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A solution must be found

by
02 November 2006

THE Government’s White Paper on public health unveiled by the Health Secretary, John Reid, on Tuesday, sets out measures to improve the fitness and well-being of the population in England. It tackles obesity, alcohol abuse and sexually transmitted diseases. Most attention, however, has focused on a proposed ban on smoking. The ban is partial, and Mr Reid has attracted criticism from both sides: those who say that this infringes upon individual freedom, and those who say that the proposed ban — in the workplace and in pubs with kitchens by 2008 — does not go far enough. The medical establishment has expressed its disappointment at the ban’s limits.

The issue of passive smoking has galvanised Ireland, Scotland, Wales, and now England. An estimated 42 per cent of adults and children are exposed to tobacco smoke at home, and 11 per cent at work. Medical researchers put the death toll from passive smoking at about 1000 a year. Nevertheless, these new measures are primarily about persuading smokers to give up. "Today, 26 per cent of the UK smoke," said Mr Reid. "We will take another two million off that figure in five years." But he also says: "We take people’s freedoms very seriously here."

Just as the Government is fearful of being charged with "nanny-statism", so the Church has tried to avoid anything to which the label "Puritan" might be attached. It is a curious historical quirk that the movement most associated with individual freedom of conscience was also responsible for imposing tight restrictions on those freedoms. This stemmed, in part, from a belief in the absolute rightness of a course of action (or more usually, the absolute wrongness of another); more significant, though, was the puritanical belief in being able to exercise complete control over the citizenry. At most times in our history, those in government have been more realistic about the extent of their powers, and have tempered their laws to what can readily be enforced. Similarly, a second and, some would say, more authentic strain in Christianity appeals to temperance, which in the New Testament is referred to as "moderation" or "sobriety". St Augustine wrote: "To live well is nothing other than to love God with all one’s heart, with all one’s soul, and with all one’s efforts; from this it comes about that love is kept whole and uncorrupted (through temperance)."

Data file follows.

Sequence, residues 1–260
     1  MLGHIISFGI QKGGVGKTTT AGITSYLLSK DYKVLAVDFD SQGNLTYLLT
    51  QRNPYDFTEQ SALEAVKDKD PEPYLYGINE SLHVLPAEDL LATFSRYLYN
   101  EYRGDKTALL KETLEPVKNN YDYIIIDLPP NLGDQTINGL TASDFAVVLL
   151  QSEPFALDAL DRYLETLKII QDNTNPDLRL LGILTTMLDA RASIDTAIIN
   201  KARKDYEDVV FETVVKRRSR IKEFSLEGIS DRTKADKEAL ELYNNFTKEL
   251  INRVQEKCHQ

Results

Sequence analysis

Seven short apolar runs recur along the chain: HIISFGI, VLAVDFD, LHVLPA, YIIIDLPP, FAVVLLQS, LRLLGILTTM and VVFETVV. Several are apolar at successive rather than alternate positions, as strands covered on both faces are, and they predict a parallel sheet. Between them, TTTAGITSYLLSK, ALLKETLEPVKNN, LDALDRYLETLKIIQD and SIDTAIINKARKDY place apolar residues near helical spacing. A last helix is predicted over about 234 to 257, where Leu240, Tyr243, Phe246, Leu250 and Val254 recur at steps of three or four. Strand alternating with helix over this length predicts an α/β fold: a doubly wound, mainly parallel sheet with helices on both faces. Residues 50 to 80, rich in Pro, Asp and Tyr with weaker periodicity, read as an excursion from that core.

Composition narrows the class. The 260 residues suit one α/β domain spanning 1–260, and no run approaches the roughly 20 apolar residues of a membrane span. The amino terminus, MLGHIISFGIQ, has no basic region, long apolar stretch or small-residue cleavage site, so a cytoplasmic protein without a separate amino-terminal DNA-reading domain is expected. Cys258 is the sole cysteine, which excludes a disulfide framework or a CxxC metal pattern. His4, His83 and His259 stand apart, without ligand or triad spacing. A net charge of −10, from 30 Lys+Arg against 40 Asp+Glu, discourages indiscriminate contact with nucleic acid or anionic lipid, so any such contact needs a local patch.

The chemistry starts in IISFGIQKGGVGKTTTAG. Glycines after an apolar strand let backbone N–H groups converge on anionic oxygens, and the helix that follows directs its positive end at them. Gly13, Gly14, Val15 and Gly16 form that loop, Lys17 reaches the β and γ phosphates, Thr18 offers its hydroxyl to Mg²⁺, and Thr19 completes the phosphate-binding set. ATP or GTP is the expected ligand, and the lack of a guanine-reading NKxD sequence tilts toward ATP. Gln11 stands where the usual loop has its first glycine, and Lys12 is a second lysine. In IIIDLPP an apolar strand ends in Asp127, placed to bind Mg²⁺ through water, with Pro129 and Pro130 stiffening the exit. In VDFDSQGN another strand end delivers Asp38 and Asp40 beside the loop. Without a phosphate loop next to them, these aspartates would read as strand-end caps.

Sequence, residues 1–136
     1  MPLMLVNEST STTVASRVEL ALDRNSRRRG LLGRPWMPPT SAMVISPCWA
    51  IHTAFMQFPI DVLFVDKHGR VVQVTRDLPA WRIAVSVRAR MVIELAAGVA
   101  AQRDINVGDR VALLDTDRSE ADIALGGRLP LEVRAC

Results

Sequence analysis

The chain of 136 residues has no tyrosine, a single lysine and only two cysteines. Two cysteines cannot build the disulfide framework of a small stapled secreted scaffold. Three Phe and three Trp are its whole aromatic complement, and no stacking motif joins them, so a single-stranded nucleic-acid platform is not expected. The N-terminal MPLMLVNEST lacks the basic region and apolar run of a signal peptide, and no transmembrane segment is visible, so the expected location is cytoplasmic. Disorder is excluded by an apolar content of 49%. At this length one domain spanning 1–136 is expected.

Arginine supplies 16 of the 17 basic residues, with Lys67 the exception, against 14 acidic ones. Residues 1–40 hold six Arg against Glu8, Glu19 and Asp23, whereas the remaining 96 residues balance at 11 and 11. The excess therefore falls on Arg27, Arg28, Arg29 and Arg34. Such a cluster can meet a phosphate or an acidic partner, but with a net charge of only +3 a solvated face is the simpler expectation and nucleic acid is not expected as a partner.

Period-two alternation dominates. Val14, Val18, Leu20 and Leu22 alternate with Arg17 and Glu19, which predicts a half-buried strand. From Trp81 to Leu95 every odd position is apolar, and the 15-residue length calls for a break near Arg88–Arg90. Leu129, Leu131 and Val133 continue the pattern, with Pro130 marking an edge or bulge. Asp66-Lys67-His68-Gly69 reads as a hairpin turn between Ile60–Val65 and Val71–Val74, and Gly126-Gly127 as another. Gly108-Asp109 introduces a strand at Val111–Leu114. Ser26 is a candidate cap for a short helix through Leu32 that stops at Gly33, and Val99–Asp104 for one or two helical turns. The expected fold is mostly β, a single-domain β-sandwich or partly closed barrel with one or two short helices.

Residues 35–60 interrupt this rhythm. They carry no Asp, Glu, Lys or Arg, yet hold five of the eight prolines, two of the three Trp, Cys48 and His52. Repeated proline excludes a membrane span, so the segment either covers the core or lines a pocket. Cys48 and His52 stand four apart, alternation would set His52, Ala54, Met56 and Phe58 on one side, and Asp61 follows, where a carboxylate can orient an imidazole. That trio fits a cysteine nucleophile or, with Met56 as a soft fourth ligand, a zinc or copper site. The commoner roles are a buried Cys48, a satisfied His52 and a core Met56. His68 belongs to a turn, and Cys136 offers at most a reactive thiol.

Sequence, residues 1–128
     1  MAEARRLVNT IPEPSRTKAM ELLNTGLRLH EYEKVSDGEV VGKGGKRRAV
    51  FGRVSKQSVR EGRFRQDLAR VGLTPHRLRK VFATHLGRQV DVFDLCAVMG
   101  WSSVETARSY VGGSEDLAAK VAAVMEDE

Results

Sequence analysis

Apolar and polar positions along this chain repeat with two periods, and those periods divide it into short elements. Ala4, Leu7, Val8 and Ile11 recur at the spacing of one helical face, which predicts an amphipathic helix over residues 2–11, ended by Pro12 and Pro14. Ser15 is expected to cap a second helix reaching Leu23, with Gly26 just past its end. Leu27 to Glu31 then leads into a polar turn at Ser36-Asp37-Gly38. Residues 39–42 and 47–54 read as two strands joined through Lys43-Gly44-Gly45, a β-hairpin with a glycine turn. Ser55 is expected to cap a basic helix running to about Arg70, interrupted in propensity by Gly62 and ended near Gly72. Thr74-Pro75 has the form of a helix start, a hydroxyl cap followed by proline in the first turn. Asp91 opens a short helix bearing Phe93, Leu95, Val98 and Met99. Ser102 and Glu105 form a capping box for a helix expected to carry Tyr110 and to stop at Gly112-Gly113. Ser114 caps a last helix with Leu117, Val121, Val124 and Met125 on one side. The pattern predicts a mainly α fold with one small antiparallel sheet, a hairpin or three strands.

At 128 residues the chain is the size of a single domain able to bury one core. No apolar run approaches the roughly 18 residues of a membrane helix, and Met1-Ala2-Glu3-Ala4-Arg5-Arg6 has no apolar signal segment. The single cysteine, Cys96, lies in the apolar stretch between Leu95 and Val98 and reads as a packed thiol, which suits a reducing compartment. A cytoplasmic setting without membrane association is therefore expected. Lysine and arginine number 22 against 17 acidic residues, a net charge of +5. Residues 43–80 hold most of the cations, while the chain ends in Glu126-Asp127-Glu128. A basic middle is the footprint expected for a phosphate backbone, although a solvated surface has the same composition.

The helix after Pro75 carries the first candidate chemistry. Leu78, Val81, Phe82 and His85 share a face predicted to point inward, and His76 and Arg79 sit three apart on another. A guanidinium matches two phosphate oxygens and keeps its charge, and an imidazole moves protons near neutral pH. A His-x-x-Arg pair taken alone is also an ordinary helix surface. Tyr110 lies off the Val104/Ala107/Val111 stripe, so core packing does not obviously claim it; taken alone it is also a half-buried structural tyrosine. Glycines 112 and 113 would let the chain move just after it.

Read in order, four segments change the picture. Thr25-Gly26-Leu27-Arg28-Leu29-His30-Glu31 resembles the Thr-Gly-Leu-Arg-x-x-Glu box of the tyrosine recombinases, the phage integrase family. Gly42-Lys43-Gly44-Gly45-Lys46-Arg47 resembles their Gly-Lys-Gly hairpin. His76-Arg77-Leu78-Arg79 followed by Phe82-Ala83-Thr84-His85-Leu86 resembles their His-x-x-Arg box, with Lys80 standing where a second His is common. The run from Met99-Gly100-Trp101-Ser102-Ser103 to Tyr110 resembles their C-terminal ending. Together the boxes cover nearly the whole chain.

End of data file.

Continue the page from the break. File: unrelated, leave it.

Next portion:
Cigarettes, alcohol and junk food continue to be popular because they are enjoyable. The death toll from smoking-related disease is vastly too great (an estimated 86,500 a year). Nevertheless, if the dangers of passive smoking can be eradicated, the Government is right to be cautious about imposing its view of living well on the public, however well argued it might be.

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